Fresh Decorative Patterns on the EBA Pottery of Yanik Tepe (Iran) from the Reorganized Assemblages at the National Museum of Iran
Following its inauguration, the National Museum of Iran used to be entrusted with the storing of all objects obtained from archaeological investigations over several decades. Yet access to stored objects began getting increasingly difficult over time. For that reason, a lion share of the stored objects remained unpublished. Whilst select works on display at museum halls have their own importance, a full insight into cultural, economic, political and technological developments will inevitably call for a study of a given cultural complex as a whole, which consists of stone tools and blades, pottery, faunal remains, and all other vestiges of the pertinent society. Hence, a reorganization work planned for the Museum's storerooms, as part of which the author embarked on a study of the pottery assemblages from the Early Bronze Age levels of Yanik Tepe deriving from C. Burney's 1960s excavations. The main question was: To what extent did the newcomer potters communicate their homeland artistic traditions on this pottery? Data from museum and library enquiries provided the basis for a comparative study. The dataset was analyzed qualitatively, and the study adopted a culture-historical approach. Statistical analysis revealed the predominating decorative scheme to be one consisting of a combination of geometric patterns, like simple bands, with animal or bird motifs, an observation reflecting the import of these species to the local subsistence economy that essentially relied on raising livestock and hunting. Comparison to the material from other spheres across the geographic extent of the culture showed that while the homeland legacy is mirrored in a few cases, there are also examples reflecting experimentations of local artisans.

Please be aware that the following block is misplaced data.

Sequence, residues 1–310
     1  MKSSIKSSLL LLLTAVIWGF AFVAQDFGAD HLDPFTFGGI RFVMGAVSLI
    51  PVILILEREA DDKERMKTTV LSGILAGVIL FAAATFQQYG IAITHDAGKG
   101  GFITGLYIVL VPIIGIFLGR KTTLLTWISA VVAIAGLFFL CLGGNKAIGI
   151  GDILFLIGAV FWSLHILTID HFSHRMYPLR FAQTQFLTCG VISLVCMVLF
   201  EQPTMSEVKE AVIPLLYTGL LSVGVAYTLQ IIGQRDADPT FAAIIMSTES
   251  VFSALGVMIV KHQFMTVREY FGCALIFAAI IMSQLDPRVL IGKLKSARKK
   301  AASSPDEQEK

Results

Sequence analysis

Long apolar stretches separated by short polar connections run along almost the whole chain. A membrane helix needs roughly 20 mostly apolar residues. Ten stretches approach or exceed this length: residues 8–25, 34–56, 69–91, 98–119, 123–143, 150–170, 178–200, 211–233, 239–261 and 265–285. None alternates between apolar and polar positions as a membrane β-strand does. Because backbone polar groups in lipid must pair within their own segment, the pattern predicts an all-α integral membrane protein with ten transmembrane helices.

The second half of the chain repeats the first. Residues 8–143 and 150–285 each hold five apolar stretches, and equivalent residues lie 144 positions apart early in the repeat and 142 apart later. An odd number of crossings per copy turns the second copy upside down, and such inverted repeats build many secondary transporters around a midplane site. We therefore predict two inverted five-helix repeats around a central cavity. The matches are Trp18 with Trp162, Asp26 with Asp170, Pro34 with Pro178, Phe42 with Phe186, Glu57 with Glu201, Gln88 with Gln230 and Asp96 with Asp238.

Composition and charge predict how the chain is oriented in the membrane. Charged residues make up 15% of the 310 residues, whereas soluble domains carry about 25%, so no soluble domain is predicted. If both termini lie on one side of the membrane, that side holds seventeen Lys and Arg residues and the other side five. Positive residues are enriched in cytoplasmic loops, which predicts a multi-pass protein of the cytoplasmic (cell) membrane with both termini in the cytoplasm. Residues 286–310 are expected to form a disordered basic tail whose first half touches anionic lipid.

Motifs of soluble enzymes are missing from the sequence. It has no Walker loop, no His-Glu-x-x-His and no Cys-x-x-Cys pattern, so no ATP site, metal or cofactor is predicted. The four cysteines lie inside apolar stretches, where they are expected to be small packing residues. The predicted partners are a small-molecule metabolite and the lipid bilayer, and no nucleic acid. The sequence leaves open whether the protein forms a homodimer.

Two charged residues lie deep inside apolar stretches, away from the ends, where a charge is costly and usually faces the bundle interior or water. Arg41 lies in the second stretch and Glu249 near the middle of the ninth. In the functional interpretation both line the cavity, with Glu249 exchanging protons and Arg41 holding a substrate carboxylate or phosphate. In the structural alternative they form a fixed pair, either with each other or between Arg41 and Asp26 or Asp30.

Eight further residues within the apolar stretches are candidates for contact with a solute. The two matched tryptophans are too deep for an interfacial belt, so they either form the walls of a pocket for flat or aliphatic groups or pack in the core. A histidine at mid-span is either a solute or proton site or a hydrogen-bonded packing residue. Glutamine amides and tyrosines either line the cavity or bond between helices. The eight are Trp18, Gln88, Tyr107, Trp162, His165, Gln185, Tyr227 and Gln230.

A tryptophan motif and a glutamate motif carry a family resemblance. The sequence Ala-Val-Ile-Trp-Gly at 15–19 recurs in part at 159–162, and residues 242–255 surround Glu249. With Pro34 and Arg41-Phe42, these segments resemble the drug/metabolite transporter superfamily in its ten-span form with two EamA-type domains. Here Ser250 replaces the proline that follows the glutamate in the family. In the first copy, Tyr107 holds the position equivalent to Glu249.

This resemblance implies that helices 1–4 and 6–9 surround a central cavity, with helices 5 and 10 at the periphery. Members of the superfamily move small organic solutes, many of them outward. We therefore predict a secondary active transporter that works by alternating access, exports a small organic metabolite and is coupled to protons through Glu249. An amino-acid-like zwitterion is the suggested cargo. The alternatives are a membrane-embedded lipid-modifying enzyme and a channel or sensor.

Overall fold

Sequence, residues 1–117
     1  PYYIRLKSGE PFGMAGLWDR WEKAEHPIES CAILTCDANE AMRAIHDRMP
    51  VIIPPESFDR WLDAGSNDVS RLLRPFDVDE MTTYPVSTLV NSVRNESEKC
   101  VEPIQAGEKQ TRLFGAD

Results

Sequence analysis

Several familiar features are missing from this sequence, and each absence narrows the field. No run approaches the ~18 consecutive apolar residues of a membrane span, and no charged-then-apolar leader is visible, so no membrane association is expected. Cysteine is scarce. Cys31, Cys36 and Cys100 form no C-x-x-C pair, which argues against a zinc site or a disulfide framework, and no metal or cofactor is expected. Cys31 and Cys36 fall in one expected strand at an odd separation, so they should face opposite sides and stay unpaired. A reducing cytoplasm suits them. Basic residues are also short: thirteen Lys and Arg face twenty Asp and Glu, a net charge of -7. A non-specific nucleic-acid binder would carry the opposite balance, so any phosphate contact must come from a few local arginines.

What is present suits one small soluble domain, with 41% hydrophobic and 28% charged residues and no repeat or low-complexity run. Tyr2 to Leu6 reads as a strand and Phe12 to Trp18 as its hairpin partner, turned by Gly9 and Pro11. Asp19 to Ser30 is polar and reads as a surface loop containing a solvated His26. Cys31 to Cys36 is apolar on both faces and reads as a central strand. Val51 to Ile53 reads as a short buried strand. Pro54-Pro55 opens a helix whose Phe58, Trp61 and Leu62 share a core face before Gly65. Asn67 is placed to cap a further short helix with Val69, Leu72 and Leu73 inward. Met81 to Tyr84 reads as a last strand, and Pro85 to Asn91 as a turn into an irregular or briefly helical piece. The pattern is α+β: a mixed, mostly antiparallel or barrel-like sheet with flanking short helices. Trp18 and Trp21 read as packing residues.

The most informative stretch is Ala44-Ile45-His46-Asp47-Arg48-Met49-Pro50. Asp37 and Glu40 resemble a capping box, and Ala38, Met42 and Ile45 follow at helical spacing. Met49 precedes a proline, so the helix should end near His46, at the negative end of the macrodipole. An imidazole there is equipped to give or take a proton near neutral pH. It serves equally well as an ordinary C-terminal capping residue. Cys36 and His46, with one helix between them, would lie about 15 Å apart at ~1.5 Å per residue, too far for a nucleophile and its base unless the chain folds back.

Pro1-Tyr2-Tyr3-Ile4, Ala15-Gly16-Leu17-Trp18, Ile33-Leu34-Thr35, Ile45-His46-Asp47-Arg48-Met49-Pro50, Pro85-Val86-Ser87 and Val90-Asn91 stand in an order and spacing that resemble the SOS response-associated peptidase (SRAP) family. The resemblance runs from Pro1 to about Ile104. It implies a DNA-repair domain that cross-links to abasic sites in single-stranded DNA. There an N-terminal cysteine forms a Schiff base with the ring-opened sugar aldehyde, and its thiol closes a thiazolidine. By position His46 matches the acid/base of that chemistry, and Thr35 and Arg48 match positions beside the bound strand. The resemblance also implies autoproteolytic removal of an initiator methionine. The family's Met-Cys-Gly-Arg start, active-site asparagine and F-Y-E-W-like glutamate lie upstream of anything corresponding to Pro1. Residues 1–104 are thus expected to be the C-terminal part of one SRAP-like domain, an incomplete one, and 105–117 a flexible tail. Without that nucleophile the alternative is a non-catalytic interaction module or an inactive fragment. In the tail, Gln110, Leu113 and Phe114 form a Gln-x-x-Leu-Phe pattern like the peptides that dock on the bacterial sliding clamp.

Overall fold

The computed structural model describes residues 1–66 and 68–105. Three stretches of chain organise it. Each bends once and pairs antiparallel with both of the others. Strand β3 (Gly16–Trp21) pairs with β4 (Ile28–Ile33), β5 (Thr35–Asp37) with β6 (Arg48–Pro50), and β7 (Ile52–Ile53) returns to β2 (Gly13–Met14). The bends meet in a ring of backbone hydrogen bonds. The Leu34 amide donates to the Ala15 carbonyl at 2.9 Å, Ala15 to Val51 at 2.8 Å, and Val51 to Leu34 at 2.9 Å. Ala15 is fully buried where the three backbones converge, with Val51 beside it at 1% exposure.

National Museum of Iran